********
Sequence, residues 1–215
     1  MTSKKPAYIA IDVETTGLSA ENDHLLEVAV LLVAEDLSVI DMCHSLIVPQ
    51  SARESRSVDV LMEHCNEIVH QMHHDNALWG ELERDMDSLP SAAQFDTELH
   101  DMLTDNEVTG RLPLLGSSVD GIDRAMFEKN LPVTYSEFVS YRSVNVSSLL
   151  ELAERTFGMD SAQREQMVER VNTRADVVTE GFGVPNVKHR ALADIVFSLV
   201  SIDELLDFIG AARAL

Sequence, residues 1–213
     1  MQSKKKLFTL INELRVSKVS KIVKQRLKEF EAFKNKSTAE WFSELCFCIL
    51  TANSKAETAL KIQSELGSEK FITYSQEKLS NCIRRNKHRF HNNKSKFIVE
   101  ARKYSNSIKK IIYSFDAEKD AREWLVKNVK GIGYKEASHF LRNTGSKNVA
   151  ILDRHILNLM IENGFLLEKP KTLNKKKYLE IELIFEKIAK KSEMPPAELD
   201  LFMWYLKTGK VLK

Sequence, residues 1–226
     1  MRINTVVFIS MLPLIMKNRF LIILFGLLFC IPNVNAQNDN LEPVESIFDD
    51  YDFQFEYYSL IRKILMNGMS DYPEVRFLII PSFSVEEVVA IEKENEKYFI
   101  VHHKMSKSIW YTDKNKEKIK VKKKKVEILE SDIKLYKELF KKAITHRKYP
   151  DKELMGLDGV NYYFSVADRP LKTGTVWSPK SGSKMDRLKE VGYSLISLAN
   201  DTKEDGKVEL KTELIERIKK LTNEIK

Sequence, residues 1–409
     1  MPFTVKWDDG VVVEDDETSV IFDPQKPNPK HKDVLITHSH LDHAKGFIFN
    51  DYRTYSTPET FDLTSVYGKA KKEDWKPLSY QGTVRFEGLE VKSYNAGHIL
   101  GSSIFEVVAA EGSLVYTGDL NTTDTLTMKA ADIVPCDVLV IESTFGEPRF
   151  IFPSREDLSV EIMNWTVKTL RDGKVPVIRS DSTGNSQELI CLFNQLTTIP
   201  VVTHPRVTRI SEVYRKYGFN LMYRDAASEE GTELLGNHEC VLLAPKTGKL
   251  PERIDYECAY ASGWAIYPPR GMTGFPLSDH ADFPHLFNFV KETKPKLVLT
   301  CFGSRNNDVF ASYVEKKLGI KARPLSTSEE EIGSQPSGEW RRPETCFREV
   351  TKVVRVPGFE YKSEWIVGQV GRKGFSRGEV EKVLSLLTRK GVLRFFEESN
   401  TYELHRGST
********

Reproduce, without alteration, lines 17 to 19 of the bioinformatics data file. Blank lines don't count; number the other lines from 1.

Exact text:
   151  DKELMGLDGV NYYFSVADRP LKTGTVWSPK SGSKMDRLKE VGYSLISLAN
   201  DTKEDGKVEL KTELIERIKK LTNEIK

Sequence, residues 1–409